- the son of the female is the shadow of the male. It is often
- so indeed, but much of the father’s substance!
- Do you like him, Sir John?
Falstaff125 - 126
- Shadow will serve for summer, prick him, aside for we have a
- number of shadows fill up the muster-book.
- Thomas Wart!
- Where’s he?
- Here, sir.
- Is thy name Wart?
- Yea, sir.
- Thou art a very ragged wart.
- Shall I prick him, Sir John?
Falstaff134 - 135
- It were superfluous, for ’s apparel is built upon his back,
- and the whole frame stands upon pins. Prick him no more.
Shallow136 - 137
- Ha, ha, ha! You can do it, sir, you can do it, I commend you
- well. Francis Feeble!
- Here, sir.
- What trade art thou, Feeble?
- A woman’s tailor, sir.
- Shall I prick him, sir?
Falstaff142 - 144
- You may, but if he had been a man’s tailor, he’d ’a’ prick’d
- you. Wilt thou make as many holes in an enemy’s battle as
- thou hast done in a woman’s petticoat?
- I will do my good will, sir, you can have no more.
Falstaff146 - 149
- Well said, good woman’s tailor! Well said, courageous
- Feeble! Thou wilt be as valiant as the wrathful dove or most
- magnanimous mouse. Prick the woman’s tailor. Well, Master
- Shallow, deep, Master Shallow.
- I would Wart might have gone, sir.
Falstaff151 - 154
- I would thou wert a man’s tailor, that thou mightst mend him
- and make him fit to go. I cannot put him to a private
- soldier that is the leader of so many thousands. Let that
- suffice, most forcible Feeble.
- It shall suffice, sir.
- I am bound to thee, reverend Feeble. Who is next?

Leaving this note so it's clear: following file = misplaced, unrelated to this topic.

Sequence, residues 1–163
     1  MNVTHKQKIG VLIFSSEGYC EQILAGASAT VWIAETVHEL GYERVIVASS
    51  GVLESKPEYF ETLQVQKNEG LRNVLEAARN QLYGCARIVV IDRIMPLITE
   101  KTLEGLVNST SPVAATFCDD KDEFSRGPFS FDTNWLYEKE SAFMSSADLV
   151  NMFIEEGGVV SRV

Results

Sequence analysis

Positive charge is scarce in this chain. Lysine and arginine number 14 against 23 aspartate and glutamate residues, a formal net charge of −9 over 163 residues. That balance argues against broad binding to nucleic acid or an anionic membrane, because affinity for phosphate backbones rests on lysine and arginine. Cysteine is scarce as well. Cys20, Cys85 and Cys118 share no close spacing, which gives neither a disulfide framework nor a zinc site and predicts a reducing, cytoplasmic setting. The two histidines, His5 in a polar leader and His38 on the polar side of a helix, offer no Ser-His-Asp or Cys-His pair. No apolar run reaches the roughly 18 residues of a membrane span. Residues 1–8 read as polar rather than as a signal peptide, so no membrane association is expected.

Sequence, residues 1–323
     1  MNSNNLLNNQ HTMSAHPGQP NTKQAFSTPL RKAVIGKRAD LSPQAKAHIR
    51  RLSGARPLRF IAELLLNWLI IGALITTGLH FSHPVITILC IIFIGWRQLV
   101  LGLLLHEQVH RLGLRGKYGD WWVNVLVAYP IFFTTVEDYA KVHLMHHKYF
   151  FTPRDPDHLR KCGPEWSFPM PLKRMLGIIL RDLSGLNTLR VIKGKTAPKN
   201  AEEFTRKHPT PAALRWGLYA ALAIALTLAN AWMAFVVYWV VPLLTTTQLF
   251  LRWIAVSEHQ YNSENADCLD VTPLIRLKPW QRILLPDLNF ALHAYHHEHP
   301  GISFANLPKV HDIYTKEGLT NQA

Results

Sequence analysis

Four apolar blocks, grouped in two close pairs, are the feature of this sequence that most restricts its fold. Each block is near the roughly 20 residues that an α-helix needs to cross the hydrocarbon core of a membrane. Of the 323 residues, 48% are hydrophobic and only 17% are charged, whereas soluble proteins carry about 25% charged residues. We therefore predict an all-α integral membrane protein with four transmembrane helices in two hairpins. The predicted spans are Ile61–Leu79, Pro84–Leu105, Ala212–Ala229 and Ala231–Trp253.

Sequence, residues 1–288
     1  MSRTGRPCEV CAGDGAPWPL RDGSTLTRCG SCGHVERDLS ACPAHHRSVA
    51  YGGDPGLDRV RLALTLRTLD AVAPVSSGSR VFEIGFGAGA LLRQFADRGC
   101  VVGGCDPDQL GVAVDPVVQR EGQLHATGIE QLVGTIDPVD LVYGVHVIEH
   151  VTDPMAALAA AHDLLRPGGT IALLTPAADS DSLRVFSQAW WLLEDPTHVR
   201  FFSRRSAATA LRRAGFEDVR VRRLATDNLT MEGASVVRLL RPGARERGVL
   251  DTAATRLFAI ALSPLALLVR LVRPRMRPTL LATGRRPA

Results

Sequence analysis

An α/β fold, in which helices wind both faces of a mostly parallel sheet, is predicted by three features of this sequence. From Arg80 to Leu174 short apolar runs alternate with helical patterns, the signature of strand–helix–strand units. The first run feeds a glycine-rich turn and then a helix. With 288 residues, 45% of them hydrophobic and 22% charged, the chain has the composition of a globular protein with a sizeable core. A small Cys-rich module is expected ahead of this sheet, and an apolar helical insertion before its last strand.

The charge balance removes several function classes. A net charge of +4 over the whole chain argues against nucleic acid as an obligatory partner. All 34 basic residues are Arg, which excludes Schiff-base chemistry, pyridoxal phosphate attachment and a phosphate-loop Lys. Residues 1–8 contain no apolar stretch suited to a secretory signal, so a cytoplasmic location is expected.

- Peter Bullcalf o’ th’ green!
- Yea, marry, let’s see Bullcalf.
- Here, sir.
Falstaff160 - 161
- ’Fore God, a likely fellow! Come prick Bullcalf till he roar
- O Lord, good my lord captain—
- What, dost thou roar before thou art prick’d?
- O Lord, sir, I am a diseas’d man.
- What disease hast thou?
Bullcalf166 - 167
- A whoreson cold, sir, a cough, sir, which I caught with
- ringing in the King’s affairs upon his coronation-day, sir.
Falstaff168 - 170
- Come, thou shalt go to the wars in a gown. We will have away
- thy cold, and I will take such order that thy friends shall
- ring for thee. Is here all?
Shallow171 - 172
- Here is two more call’d than your number, you must have but
- four here, sir. And so I pray you go in with me to dinner.
Falstaff173 - 174
- Come, I will go drink with you, but I cannot tarry dinner. I
- am glad to see you, by my troth, Master Shallow.
Shallow175 - 176
- O Sir John, do you remember since we lay all night in the
- Windmill in Saint George’s Field?
- No more of that, Master Shallow, no more of that.
- Ha, ’twas a merry night. And is Jane Nightwork alive?
- She lives, Master Shallow.
- She never could away with me.
Falstaff181 - 182
- Never, never, she would always say she could not abide
- Master Shallow.
Shallow183 - 184
- By the mass, I could anger her to th’ heart. She was then a
- bona roba. Doth she hold her own well?
- Old, old, Master Shallow.
Shallow186 - 188
- Nay, she must be old, she cannot choose but be old, certain